Unfortunately, when the time came, I forgot to take a picture of this! But here it is on a later crankcase, so you can see what it's all about - imagine this bevel on the 3rd piece side and there you have it!
Allright, back to the main case halves. I hate working on the workshop floor, but all six of the engine stands were in service and at least the floor is painted.
I often take photographs of the insides of the bare crankcase, but as I wrote above, things progressed very quickly and I nearly overlooked taking any such photographs. However, I did think of it just before sealing the halves together and took a few photos. Here is the case (almost) ready for sealant:
...I said "almost" - the right half of the middle-main still had to be installed, as did the camshaft end-plug. Note in the image above you can just make out the o-ring mounted on to the oil pickup tube protruding through the right case half on the far right - it looks almost in-line with the lifters in this image. Those dark spots on the bottom of the inside of the case is a little bit of case sealant that I'd attempted to use to "glue" the oil pickup tube into position, as described above.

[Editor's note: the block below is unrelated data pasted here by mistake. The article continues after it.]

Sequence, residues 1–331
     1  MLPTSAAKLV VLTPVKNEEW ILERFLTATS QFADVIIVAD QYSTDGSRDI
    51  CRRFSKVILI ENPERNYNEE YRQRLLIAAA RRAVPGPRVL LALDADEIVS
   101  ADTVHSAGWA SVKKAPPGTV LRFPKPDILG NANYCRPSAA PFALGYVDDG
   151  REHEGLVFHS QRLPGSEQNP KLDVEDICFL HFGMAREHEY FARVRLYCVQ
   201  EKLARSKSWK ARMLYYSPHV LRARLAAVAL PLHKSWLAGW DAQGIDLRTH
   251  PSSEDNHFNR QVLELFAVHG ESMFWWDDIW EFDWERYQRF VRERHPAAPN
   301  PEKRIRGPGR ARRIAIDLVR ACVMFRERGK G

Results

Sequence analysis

It's worth pointing out here that John had put in a used camshaft and it was on the edge of too-much wear. I opted for a freshly ground cam out of my stock - it's the 912 grind on an original "narrow lobe" 1600S casting - and it has been "parkerized", a hardening process which eliminates any "need" to over-rev the engine to work-harden the cam lobes. (If anyone ever tells you you must rev your freshly rebuilt engine to high-rpm in order to work-harden the camshaft lobes, you've chosen the wrong parts vendor / cam grinder! This should never be required! If you're racing, that's one thing, but most of us can aford the normal, gentle run-in process that results in a long-lived engine...)